Turning to the question of the validity of the exercise of the powers, New York law is applied again for the reasons discussed above. Assuming for the moment that application of New York law includes reference to its internal choice of law, it is clear that Connecticut law would apply.
The EPTL addresses choice of law in the case of a presently exercisable general power of appointment, requiring application of the law of the domicile of the donee (in this case, Connecticut) (EPTL 3-5.1[g] ), but does not provide a rule for exercise of a postponed general power. In the absence of a statutory choice, it is necessary to look to the common law, under which the law of the domicile of the donor controls (Matter of Deane, 4 N.Y.2d 326, 175 N.Y.S.2d 21, 151 N.E.2d 184 ; Matter of New York Life Insurance & Trust Co., 209 N.Y. 585, 103 N.E. 315  ). As stated in Matter of Deane, supra, the common law rule “is based on the fact or theory that the property being disposed of is that of the donor of the power, not the donee” (4 N.Y.2d at 331, 175 N.Y.S.2d 21, 151 N.E.2d 184).
Applying this analysis produces something of an anomaly, since the legislature determined to depart from the common law in its treatment of presently exercisable general powers, recognizing that the donee of such a power is virtually the owner of the appointive property and “not merely a conduit of title” (Turano, Practice Commentaries, McKinney's Cons. Laws of N.Y., Book 17B, EPTL 3-5.1, at 570-571). The policy underlying this departure applies equally to postponed powers that are exercised after the occurrence of the postponing events. It is unclear whether the omission to provide a choice of law rule in the statute for postponed powers was a legislative oversight. It is not necessary to consider the question further, however, since the domicile of the donor and donee of the powers is identical in this case.
The question remains as to whether the settlor's direction that the trusts be “construed and regulated by the law of the State of New York” requires application only of New York's internal law, or whether the settlor's direction invokes New York's choice of law rules as well, under the principle of “renvoi”.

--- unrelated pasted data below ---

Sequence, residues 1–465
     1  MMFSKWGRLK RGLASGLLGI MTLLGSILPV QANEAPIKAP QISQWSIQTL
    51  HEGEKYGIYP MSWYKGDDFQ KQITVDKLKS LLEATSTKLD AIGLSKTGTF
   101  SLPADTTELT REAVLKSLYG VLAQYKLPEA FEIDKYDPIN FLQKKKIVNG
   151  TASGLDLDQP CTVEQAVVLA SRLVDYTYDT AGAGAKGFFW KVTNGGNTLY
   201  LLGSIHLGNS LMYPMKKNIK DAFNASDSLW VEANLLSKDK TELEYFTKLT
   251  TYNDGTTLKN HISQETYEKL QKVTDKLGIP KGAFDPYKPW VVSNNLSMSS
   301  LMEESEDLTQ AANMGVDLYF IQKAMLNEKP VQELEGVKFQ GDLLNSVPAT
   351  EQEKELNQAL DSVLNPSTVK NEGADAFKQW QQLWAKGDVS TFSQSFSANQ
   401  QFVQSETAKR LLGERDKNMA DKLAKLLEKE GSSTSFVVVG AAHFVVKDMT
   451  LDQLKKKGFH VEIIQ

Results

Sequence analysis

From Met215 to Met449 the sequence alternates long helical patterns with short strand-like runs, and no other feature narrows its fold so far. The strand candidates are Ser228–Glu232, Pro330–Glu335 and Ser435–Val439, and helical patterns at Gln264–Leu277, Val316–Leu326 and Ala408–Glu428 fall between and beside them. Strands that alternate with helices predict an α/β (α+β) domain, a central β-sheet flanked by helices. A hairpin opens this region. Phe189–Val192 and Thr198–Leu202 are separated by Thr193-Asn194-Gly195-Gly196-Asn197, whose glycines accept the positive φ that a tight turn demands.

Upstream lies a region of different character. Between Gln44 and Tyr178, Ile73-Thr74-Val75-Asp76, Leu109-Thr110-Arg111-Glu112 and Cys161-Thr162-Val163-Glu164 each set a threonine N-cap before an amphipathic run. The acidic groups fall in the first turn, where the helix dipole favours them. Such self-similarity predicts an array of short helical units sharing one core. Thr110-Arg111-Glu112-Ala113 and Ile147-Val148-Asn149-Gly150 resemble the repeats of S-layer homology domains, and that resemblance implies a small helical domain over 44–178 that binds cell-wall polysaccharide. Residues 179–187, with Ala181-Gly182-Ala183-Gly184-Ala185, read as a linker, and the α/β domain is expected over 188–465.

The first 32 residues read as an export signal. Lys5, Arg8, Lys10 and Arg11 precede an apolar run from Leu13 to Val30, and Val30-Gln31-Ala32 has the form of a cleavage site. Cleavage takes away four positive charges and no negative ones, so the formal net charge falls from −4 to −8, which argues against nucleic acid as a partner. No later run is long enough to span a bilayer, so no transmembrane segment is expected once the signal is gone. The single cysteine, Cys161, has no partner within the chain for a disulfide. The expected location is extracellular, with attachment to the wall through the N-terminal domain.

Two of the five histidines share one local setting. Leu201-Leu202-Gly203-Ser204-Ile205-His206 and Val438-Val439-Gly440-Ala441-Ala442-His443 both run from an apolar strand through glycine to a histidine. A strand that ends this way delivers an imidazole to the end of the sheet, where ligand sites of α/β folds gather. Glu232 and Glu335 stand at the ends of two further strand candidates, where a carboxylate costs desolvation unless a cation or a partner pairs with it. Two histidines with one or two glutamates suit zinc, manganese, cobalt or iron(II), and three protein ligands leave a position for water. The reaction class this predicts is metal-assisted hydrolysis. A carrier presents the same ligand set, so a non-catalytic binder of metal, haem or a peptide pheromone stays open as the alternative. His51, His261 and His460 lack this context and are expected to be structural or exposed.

New York rejected the doctrine of renvoi in a number of early cases (e.g. Lann v. United Steel Works Corp., 166 Misc. 465, 1 N.Y.S.2d 951 [Sup. Ct., N.Y. Co. 1938]; Matter of Tallmadge, 109 Misc. 696, 181 N.Y.S. 336 [Sup. Ct. N.Y. Co. 1919] ) but the present state of the law requires a more complex analysis to resolve the choice of law issue. In a comprehensive discussion of the subject, Surrogate Midonick observed in Matter of Renard, 108 Misc.2d 31, 437 N.Y.S.2d 860 [Sur. Ct., N.Y. Co. 1981], affd. 85 A.D.2d 501, 447 N.Y.S.2d 573 [1st Dept. 1981], affd. 56 N.Y.2d 973, 453 N.Y.S.2d 625, 439 N.E.2d 341 , “[T]he Court of Appeals has moved away from mechanical choice of law rules to a balancing approach which requires the identification of the underlying policies in the conflicting laws of the relevant jurisdictions, and the examination of the contact of those jurisdiction to see which has a superior connection with the occurrence and thus a superior interest in having its policy or law followed [citing cases]” (108 Misc.2d at 39, 437 N.Y.S.2d 860). Renard distinguishes an earlier Court of Appeals case, Matter of Clark, 21 N.Y.2d 478, 288 N.Y.S.2d 993, 236 N.E.2d 152  on its facts, but quotes with approval its adoption of a “paramount interest” test: “As between two states, the law of that one which has the predominant, if not the sole, interest in the protection and regulation of the rights of the person or persons involved should, of course, be invoked” (Matter of Renard, supra, at 39, 437 N.Y.S.2d 860, quoting Matter of Clark, supra, at 485-486, 288 N.Y.S.2d 993, 236 N.E.2d 152). Renard thus appears to have imported the “paramount interest” test adopted for tort actions in Tooker v. Lopez, 24 N.Y.2d 569, 301 N.Y.S.2d 519, 249 N.E.2d 394  into the trusts and estates field.